Recaps so far:
- Day One – Paris via London
- Day Two – Versailles and the Latin Quarter
- Day Three – Four Corners, Four Views of Paris
Though we were sad to say goodbye to Paris, we were very excited for the next leg of our European adventure: Italy! On Easter morning, we woke up bright and early for our flight to Naples. Once we arrived, we took the shuttle to the rental car hub and picked up our transportation for the next six days – a small but sturdy Fiat. And I mean sturdy. Little did we know when we decided to rent a car in Italy just how necessary that quality would be to our sanity. But more on that later.
Our “best laid plans” were to immediately re-park the car at the airport (check), take the Alibus into Naples (check), sit in on an Easter mass at the Duomo and try some authentic Neapolitan pizza, Eat, Pray, Love style. (As a side note, we had read that parking in Naples was a nightmare, which is why we opted to take the bus instead.) Unfortunately, when we arrived at Piazza Garibaldi, we realized that the entire city was shut down for the holiday, which in hindsight makes a lot of sense.
Doubly unfortunate was the fact that my map was less than stellar – the first realization that the roads in Italy are a lot more difficult to navigate than our Google maps would indicate. We came to the conclusion that finding the Duomo was not going to happen in the limited time we had before the Alibus picked us up again, and so we opted to let those best laid plans go awry in favor of taking in the fantastic Easter celebrations on the street instead.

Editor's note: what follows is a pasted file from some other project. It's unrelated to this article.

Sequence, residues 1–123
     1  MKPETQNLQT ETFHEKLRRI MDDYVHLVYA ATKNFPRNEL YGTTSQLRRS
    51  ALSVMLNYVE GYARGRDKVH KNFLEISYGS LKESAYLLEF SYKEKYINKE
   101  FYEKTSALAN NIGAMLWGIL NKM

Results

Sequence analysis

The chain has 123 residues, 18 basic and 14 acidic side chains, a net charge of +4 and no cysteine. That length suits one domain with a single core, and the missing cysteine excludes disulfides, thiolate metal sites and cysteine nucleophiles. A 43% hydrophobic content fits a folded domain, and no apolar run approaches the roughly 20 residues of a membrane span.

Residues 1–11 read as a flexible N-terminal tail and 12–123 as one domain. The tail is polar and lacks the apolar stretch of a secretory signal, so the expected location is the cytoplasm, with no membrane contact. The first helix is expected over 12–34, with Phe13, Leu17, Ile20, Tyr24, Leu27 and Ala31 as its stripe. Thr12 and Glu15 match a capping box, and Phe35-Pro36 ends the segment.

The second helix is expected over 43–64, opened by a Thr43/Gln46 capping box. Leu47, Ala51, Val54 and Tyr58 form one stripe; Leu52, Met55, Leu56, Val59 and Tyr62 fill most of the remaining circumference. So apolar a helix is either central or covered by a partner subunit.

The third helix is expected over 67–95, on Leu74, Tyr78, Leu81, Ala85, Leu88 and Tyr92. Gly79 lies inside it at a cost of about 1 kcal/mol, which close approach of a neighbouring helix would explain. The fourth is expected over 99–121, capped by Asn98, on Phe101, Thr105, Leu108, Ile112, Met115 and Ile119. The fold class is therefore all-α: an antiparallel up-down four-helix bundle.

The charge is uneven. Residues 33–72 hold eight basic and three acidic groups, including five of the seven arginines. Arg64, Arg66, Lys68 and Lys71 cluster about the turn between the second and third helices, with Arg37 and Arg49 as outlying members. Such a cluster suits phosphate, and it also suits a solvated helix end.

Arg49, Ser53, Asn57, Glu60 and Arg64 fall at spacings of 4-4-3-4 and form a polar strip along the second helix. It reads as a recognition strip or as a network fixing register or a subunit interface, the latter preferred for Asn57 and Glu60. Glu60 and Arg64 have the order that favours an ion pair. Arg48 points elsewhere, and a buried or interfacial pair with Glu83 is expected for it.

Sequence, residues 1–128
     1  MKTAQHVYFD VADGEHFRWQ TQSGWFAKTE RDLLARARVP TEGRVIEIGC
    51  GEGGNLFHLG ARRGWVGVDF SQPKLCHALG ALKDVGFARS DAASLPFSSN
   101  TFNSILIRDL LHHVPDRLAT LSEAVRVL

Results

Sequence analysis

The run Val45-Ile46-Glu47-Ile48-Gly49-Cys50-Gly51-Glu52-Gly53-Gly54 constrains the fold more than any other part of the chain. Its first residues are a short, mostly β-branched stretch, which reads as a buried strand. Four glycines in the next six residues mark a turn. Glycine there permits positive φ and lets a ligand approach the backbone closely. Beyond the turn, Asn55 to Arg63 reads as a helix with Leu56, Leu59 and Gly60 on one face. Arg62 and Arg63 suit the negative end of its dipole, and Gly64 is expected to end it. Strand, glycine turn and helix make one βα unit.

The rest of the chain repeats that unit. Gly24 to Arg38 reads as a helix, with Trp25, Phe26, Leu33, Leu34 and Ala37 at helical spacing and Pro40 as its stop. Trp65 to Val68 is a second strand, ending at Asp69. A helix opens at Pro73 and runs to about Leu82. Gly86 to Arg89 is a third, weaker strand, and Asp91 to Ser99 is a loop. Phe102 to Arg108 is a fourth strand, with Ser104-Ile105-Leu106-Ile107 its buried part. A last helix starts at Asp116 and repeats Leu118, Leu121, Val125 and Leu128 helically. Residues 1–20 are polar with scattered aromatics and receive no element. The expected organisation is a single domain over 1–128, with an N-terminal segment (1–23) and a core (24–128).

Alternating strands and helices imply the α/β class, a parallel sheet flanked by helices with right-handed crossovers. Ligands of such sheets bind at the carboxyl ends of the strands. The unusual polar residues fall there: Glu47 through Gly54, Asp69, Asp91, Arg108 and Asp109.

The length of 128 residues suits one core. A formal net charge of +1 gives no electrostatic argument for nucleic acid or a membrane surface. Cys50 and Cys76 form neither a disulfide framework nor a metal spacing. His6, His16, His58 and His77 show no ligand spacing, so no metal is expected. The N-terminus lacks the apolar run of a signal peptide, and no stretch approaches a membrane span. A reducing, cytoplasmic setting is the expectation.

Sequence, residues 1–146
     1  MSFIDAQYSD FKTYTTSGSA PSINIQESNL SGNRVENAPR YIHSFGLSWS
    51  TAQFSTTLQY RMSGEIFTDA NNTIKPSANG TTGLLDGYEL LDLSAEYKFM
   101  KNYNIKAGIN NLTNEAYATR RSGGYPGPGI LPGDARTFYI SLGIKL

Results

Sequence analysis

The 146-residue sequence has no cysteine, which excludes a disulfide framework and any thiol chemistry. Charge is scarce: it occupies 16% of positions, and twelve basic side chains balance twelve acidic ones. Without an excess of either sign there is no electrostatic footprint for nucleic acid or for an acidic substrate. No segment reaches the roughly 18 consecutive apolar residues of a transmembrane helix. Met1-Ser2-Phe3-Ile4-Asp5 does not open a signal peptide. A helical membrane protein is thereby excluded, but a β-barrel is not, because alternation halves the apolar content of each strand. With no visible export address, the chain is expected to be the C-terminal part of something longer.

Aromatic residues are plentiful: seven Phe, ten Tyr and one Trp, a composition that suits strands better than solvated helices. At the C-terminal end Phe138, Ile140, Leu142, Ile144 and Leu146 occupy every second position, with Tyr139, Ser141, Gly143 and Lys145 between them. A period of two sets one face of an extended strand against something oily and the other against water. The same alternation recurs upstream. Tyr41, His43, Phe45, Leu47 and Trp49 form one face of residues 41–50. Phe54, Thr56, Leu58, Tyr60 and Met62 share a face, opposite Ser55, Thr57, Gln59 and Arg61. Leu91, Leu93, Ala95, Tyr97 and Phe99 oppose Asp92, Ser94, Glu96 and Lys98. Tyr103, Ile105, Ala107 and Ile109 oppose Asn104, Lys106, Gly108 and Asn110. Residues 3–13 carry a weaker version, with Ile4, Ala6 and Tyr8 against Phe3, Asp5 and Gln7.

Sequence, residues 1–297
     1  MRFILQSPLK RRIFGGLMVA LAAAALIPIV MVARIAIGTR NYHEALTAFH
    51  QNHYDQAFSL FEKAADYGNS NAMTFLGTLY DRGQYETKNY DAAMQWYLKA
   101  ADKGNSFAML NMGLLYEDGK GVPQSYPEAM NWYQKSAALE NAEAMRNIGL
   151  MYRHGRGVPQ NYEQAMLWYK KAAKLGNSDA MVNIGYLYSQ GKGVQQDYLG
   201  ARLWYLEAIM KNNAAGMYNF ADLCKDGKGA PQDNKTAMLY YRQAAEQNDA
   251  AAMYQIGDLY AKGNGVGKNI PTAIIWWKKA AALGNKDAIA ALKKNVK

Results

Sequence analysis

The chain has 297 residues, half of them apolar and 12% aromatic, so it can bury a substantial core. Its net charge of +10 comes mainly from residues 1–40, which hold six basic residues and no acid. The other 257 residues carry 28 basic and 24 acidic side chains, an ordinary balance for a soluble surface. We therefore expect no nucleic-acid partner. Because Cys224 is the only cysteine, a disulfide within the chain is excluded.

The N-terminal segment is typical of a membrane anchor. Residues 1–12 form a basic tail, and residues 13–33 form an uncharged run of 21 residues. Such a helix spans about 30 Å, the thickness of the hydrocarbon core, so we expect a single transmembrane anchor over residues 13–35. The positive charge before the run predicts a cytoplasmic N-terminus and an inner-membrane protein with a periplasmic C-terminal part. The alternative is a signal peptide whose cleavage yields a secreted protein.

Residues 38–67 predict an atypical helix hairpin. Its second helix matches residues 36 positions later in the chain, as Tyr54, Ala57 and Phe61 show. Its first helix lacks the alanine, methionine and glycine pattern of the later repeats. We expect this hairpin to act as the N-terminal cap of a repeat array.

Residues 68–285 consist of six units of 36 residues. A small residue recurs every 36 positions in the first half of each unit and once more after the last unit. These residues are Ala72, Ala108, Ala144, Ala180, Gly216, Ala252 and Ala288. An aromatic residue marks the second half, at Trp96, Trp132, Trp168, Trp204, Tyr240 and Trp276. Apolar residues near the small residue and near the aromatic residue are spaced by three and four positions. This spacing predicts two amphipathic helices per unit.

And I mean fantastic! The businesses may have been closed down on Easter, but there were people parading down almost every major street and alleyway. Many of the groups were carrying statues of Mary and Jesus, waving flags, playing music and cheering.
I took a short video of the group above because their music was so cool. Check it out below:
It was fun to have the chance to see how a major Italian city celebrates a major Christian holiday. Soon enough, we made it back to our car and were on the road. The first part of our drive was pretty straightforward and within 30 minutes we had arrived in Pompeii!
The Rick Steves podcast for Pompeii was another winner – so informative and interesting. Our tour began on the same main street that the citizens of Pompeii used. The basalt stones are the original pavement, and the three main stones in the photo below were like an ancient crosswalk. Chariots traveling in either direction could straddle them because they all had standard-sized axles.